San Francisco, CA (PRWEB) November 15, 2013
GlobeIn launches its Artisan Gift Box Experience. For $30 a month, members receive a curated collection of crafts made by supported artisans from a far-off land.
Conscious consumers may buy the box for themselves or as a socially responsible Christmas gift – purchasing an amazing present that also puts money in the hands of small-town artisans across the world.
“The Gift Box builds value for both our customers and our artisans,” says Vladimir Ermakov, Co-founder and CEO of the eight-month-old social startup. “Our goal is to connect a billion working people with the global marketplace. The Gift Box supercharges our impact on each month’s artisan.”
What’s in a Box? Everything from the packaging itself to the crafts inside are hand-created by GlobeIn member artisans. Each month, the Gift Box comes filled with crafts and stories from one special artisan. That means that each artisan benefits from a large order, and that each customer enjoys preferred pricing on incredible items.
Thanks to the scale of group membership, the items in each month’s box are worth more than the $30 subscription cost (which includes shipping). “Because we’re buying directly from the artisans, we’re able to pay a fair price for each craft while sending items that retail for a much larger price,” says Ermakov. Additionally, customers can personalize their monthly collection – choosing between different categories of items including Jewelry, Home Décor and Ethnic Accessories.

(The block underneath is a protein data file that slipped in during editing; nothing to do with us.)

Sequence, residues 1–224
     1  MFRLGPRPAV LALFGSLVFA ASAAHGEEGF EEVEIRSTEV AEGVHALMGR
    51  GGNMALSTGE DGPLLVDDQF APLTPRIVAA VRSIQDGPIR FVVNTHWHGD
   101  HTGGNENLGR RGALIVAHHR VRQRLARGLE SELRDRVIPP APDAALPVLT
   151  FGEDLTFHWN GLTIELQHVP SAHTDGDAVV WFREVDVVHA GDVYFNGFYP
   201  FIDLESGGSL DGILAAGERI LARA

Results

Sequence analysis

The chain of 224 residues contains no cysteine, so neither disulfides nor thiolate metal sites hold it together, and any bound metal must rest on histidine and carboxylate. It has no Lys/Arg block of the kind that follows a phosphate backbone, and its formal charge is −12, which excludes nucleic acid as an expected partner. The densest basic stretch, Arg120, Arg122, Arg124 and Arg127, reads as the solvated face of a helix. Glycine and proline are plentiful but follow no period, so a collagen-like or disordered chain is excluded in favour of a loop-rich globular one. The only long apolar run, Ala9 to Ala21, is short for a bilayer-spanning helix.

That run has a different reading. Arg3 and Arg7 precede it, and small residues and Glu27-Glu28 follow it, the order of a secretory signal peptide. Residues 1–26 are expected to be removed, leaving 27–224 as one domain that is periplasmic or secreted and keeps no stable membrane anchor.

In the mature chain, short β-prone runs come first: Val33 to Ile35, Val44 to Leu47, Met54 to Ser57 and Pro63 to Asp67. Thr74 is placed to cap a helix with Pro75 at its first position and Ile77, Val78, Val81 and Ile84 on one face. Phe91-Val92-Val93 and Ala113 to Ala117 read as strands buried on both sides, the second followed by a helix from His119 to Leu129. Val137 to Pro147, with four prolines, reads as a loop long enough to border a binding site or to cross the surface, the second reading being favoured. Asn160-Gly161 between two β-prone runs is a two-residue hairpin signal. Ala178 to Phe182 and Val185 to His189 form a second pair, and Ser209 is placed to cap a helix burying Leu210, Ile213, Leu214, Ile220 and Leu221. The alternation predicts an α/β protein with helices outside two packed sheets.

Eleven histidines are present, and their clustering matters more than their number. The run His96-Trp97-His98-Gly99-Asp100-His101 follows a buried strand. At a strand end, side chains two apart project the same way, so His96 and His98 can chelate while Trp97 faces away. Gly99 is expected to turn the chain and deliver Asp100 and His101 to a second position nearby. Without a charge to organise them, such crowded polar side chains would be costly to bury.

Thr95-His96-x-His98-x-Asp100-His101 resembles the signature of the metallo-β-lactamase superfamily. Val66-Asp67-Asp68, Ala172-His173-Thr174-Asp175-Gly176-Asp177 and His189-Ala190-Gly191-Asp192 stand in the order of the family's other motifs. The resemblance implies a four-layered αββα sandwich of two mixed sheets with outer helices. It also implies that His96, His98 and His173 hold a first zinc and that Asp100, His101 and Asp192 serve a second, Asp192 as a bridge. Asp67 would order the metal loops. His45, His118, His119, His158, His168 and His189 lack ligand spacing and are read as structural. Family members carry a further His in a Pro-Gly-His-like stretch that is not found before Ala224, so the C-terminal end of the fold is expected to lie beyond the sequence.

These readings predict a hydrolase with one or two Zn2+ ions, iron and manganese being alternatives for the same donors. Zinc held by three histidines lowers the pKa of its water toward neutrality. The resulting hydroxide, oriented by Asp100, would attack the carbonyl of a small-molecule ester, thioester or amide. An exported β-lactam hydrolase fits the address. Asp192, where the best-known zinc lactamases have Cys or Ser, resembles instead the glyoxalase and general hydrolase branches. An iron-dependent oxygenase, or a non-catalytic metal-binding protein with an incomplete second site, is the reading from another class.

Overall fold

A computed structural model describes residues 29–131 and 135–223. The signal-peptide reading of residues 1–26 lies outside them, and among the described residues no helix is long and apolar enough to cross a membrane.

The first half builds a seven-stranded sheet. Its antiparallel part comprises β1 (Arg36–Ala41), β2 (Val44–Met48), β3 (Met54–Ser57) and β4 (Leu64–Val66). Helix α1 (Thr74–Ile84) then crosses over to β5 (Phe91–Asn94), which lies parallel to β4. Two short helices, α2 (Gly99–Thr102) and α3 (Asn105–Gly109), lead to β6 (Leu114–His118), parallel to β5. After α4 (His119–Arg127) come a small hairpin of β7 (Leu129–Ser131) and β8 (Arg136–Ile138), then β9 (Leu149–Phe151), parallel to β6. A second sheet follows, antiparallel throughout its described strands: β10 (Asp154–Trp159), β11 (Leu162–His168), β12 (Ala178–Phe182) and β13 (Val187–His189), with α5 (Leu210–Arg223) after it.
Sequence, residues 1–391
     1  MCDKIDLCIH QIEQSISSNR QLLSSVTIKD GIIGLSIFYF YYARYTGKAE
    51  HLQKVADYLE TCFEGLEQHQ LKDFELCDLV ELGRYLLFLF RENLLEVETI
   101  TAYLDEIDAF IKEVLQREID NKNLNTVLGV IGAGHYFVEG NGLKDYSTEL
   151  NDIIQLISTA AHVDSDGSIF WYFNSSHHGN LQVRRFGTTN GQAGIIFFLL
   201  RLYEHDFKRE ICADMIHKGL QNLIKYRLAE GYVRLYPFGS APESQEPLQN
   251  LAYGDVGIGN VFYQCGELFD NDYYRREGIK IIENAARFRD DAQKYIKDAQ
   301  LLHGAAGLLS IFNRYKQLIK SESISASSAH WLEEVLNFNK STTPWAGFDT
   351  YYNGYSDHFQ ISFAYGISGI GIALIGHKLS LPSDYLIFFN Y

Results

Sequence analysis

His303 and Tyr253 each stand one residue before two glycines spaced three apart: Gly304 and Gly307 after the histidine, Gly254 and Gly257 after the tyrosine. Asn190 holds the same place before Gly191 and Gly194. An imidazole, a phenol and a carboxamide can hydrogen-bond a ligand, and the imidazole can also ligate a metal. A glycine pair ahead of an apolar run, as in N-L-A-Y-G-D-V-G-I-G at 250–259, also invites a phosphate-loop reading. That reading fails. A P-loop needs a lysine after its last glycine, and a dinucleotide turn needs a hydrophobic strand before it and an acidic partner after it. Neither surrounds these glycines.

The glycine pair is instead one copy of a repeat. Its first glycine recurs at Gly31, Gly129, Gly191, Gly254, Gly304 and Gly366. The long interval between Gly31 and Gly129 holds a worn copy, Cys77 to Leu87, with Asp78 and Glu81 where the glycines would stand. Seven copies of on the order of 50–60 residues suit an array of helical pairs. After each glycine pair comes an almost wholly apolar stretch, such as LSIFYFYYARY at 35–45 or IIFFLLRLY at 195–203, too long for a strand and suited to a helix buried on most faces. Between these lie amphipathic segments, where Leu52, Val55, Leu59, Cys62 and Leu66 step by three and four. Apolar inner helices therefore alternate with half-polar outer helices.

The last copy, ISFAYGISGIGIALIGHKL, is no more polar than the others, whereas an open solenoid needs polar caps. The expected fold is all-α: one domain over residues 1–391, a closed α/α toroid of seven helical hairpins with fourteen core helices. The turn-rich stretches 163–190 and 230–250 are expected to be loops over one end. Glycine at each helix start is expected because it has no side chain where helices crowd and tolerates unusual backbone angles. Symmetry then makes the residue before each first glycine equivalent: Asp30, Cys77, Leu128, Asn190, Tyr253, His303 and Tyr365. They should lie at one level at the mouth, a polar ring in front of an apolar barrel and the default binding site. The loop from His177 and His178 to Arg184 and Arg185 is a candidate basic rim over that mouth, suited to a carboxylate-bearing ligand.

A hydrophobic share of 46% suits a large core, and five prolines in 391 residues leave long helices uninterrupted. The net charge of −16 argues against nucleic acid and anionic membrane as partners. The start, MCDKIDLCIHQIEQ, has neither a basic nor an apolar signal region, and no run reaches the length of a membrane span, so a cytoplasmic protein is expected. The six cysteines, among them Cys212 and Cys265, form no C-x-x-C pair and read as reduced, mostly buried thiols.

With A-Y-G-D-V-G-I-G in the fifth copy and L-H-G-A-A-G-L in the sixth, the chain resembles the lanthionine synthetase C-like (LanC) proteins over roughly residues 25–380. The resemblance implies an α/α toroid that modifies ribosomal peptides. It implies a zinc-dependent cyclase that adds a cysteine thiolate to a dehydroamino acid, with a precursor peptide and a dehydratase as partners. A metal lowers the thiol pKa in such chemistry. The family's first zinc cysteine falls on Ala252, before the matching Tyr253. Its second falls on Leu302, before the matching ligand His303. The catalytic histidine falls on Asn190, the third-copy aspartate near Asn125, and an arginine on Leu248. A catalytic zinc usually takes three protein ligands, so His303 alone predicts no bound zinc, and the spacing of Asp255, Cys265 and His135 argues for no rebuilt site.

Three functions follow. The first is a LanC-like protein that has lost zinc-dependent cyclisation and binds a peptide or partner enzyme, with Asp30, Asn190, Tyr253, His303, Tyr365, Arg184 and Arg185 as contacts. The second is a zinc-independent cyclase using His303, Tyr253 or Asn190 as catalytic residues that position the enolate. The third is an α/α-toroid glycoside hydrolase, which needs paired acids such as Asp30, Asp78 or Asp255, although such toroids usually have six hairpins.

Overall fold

Chasing a Billion
GlobeIn’s goal is to impact the lives of a billion working people across the world. With a rapid growth rate over its first eight months, GlobeIn has enrolled more than 160 artisans in its program – telling their stories and offering more than 2,700 items for sale on its website. Ermakov is proud of the numbers: “When you consider that we have to personally find, photograph and interview each of our member artisans, and then independently post each of their items for sale, the feat is pretty incredible.”
“Etsy uses its sellers to market their own items,” says Ermakov, “Our artisans have no such resources. Most don’t have computers, much less English language proficiency, so we have to be their voice.”